The traditional food of Tet cannot be replaced by the traditional hams and turkeys that the people of America serve during their Christmas holiday, but our reactions to the familiar smells and tastes are similar. Banh chung was the most important dish for us to get right. It is a kind of sticky rice with meat filling that is wrapped in leaves in a neat package. Mother would take great care to choose only the best ingredients to make our banh chung and the smell of the pork cooking always made my mouth water. This is a difficult thing to cook because it has to be boiled for eight hours and the temperature has to stay the same all the time. This meant that there always had to be someone around to watch the fire and we would take turns making sure everything went right. This was not like taking turns to see who would clean the dishes, it was usually fun because more than one of us would watch at a time and we would have so much fun telling the stories of the ancestors while the food cooked. We also always made a lot of extra banh chung because it was expected that we leave some for the ancestors and give some to other families who would come visiting. Other special foods we ate during this time were roasted watermelon seeds, pickled onions and leeks and dried candied fruits that were a particular treat during Tet only. I have noticed that the tradition of preparing special foods and giving them away are important parts of American traditions, too. Just because the types of foods are different doesn’t mean the feelings are different. When I see a look of absolute pleasure cross the face of someone enjoying a traditional ham dinner at Christmas now I think back to the times when I had that same look while enjoying the traditional foods I made with my family during Tet.

My favorite part of Tet was the first day of the celebration when everything was reserved for just the family to be together. I loved how it was always just our family on this day with very few visitors. But family meant that everyone we were related to, sometimes even from very far away, would come to visit. This was what made this time so special for me because it was the one day of the entire celebration that I could get to know my relatives again. My father would usually make a big deal about coming into the house just after midnight on Tet because the first person to enter the house on the new year was believed to set the luck for the whole family for the rest of the year. One year was special. I had just won an award at school for spelling and my father allowed me to be the one to bring good luck for the family. It was the most special feeling for me to be responsible for the luck of my family and I felt especially proud whenever something good happened for any of us for the rest of the year. I still remember the excitement of receiving my red envelope from my parents, which was a lot like children opening their Christmas presents in America. I would wake up in the morning and very carefully dress myself in the beautiful new clothes my mother had provided for me especially for this occasion. The feel of the heavy silk draping over my shoulders always made me feel very special and grown up. Then I would run out to greet my parents and grandparents along with my sisters and brothers with the special Tet greeting that wished health and good luck to them for the coming year. We would take care to make special offerings of fruit and other food to the altar of the ancestors as well. This was our way of remembering the people who came before us and who contributed to our well-being now. After this, we would get our envelopes. These would be filled with money that we were able to spend ourselves. I remember always spending a part of the day looking at the different things we had hung from the new year tree that symbolized good luck and what we hoped for the future.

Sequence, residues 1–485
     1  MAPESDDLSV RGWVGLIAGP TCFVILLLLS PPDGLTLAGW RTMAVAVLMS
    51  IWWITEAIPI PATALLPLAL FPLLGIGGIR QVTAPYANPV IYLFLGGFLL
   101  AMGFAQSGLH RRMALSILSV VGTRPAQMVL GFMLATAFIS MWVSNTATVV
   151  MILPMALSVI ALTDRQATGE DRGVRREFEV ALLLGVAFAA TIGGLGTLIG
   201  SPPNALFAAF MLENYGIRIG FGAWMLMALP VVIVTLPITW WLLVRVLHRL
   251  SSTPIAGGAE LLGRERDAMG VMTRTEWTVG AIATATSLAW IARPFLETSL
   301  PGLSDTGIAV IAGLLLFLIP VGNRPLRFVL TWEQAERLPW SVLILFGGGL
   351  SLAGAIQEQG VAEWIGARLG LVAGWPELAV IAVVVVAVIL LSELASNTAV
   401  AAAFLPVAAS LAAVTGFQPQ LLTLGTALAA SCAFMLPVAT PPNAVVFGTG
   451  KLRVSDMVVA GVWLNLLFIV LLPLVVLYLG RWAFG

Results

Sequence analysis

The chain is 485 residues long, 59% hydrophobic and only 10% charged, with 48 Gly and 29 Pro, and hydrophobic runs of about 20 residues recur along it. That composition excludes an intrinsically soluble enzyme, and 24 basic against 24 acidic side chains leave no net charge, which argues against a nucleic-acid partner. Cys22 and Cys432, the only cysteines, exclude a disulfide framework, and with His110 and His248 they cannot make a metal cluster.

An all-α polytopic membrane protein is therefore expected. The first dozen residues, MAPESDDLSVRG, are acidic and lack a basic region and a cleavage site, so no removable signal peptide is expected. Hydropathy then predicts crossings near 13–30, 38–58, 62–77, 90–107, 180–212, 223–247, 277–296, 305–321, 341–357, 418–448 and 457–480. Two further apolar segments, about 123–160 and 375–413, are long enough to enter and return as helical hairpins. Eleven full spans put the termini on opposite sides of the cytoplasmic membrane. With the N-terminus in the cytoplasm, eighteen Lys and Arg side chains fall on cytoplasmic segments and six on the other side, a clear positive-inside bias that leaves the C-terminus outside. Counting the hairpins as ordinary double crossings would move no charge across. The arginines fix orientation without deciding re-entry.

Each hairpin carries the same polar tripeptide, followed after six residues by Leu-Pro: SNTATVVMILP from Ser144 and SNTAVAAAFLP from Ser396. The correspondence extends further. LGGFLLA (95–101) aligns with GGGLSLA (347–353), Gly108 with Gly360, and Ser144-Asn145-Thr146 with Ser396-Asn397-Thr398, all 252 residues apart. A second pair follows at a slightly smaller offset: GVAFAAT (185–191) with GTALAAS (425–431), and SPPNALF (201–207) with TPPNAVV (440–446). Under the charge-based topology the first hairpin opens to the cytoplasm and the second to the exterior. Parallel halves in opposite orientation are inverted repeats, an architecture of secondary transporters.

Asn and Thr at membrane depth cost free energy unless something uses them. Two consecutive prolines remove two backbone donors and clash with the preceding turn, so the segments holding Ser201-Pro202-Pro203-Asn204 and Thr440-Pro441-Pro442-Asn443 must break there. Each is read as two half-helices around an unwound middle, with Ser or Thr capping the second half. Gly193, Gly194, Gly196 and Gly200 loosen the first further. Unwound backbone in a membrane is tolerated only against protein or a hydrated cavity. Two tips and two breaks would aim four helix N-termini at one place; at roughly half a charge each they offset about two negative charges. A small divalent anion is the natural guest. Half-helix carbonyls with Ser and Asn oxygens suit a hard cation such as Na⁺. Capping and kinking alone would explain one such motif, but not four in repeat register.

Tet was a very special tradition in our family and in our community when I was a child. Much of how I identify myself as a person comes from these kinds of traditions that I shared with my family. The warmth of togetherness, the reminder of family and the importance of doing things together made me feel very safe and secure. I knew I had a place in the world and it was there, with the people I loved best. Tet is not the same anymore though. As I grew older, it became necessary for me to go away to school, far, far away. Now I live in America and it is not always possible for me to go home for Tet celebrations. I am not the only one who has this problem. So many of my family members have gone on to study in other places of the world and have taken jobs in companies that do not share our traditions. It helps that here the people celebrate a similar tradition in Christmas, but so many of the simple things I remember that made the holiday so special are missing. The stories and the memories of the past are what gave the holidays their special feeling which is not as rich now that they are missing the rituals of my home.

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StudyCorgi. (2021) 'Celebrating Tet: Tradition Analysis'. 9 November.